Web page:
A little more than a year after the signing of the Abuja I peace agreement, a new meeting was convened on 17 August 1996 in Abuja, Nigeria. The six Liberian belligerents and the representative of the LNC attended the meeting. The meeting was to discuss the progress of the Abuja I peace agreement. At the end of the meeting, it was decided to draft a new peace agreement. The new peace agreement covered three important issues: the draft also examined allegations about the importance of different implementation sub-goals and their role in general failure and failure. Such assertions gained momentum in the 1990s, when several international non-governmental organizations lobbied public opinion and governments and stressed that their only concern – whether it was disarmament, elections, human rights or the return of refugees – was critical to successful implementation. Two important results are derived from a study of the sub-goals and overall success of implementation. First, with respect to what can be achieved in each sub-objective, the wishes must be consistent with the resources and strategies authorized. In all dimensions, we can speculate on the perfect conditions under which elections should be held, on the need for a peace full of responsibility and the continuation of past atrocities and war crimes, or on the need for all refugees to return to their homes of origin. However, in the absence of resources and troops, ambitious standards for partial objectives are symbolic declarations of virtue and not practical means of ending wars. Second, investments in partial objectives should be the demobilization of soldiers and the demilitarization of politics, that is, the transformation of warring armies into political parties. Without these two sub-goals, civil wars cannot be fine-fought and important normative objectives such as the establishment and consolidation of democracy and the protection of human rights are unlikely to succeed. At the end of the day, it is important to consider the results of the peace agreements as successful, unsuccessful or mixed.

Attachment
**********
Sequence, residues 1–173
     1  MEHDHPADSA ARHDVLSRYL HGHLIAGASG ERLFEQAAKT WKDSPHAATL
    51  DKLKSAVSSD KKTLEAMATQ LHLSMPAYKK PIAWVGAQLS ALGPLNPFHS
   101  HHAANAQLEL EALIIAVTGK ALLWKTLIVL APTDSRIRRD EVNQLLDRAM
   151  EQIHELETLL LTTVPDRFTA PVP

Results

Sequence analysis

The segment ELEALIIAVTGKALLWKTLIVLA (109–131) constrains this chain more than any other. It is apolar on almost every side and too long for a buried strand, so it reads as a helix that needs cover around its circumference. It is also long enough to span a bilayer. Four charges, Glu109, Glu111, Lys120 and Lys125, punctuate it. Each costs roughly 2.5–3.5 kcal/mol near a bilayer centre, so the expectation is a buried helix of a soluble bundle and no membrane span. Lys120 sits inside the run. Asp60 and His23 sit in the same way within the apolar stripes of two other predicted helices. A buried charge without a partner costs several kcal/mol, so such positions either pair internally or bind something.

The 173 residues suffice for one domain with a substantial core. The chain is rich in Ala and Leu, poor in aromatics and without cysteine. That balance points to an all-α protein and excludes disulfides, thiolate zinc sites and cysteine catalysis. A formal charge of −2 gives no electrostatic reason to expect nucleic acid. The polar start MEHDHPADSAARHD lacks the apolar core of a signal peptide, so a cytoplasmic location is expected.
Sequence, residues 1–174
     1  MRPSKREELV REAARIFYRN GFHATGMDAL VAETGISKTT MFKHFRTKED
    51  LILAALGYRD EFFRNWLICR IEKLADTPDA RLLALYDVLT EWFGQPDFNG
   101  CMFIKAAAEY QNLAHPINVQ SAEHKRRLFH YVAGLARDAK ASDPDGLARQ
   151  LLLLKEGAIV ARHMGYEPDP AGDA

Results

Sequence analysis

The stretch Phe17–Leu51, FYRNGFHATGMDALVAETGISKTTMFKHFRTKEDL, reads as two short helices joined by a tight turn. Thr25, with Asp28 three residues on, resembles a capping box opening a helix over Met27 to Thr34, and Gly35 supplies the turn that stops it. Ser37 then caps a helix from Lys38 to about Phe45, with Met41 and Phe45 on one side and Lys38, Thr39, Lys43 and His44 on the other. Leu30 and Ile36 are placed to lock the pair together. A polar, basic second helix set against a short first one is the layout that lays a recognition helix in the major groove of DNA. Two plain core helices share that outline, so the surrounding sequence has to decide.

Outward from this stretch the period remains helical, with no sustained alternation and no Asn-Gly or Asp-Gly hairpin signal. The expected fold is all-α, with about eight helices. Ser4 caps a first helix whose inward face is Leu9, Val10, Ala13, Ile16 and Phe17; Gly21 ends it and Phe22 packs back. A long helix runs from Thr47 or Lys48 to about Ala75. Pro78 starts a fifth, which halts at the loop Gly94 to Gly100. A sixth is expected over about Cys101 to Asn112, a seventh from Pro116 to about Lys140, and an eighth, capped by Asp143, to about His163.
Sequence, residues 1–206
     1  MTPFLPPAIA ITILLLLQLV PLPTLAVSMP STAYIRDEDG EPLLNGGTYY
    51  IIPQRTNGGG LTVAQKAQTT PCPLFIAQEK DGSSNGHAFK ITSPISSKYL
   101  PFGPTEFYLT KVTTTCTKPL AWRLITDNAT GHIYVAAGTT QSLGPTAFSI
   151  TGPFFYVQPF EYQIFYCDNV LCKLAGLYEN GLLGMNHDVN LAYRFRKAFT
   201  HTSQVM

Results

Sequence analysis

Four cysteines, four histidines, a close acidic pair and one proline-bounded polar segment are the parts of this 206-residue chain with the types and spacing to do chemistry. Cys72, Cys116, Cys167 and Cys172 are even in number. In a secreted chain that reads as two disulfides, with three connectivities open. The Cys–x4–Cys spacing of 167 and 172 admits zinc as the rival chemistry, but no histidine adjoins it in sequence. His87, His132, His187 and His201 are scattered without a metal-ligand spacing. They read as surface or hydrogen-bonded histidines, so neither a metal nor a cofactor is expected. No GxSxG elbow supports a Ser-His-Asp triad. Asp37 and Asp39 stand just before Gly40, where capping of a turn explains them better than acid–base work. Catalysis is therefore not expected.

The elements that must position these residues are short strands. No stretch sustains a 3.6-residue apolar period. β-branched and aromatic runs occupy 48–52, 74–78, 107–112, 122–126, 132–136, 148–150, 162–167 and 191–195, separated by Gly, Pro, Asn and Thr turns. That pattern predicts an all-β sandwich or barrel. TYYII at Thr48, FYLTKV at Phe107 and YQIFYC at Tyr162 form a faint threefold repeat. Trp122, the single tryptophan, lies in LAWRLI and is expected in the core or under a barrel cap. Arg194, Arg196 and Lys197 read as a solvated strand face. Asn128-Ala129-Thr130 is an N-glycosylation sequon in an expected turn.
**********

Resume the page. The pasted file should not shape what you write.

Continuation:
The evaluation is anchored in two main indicators. To what extent the content of a peace agreement has been implemented.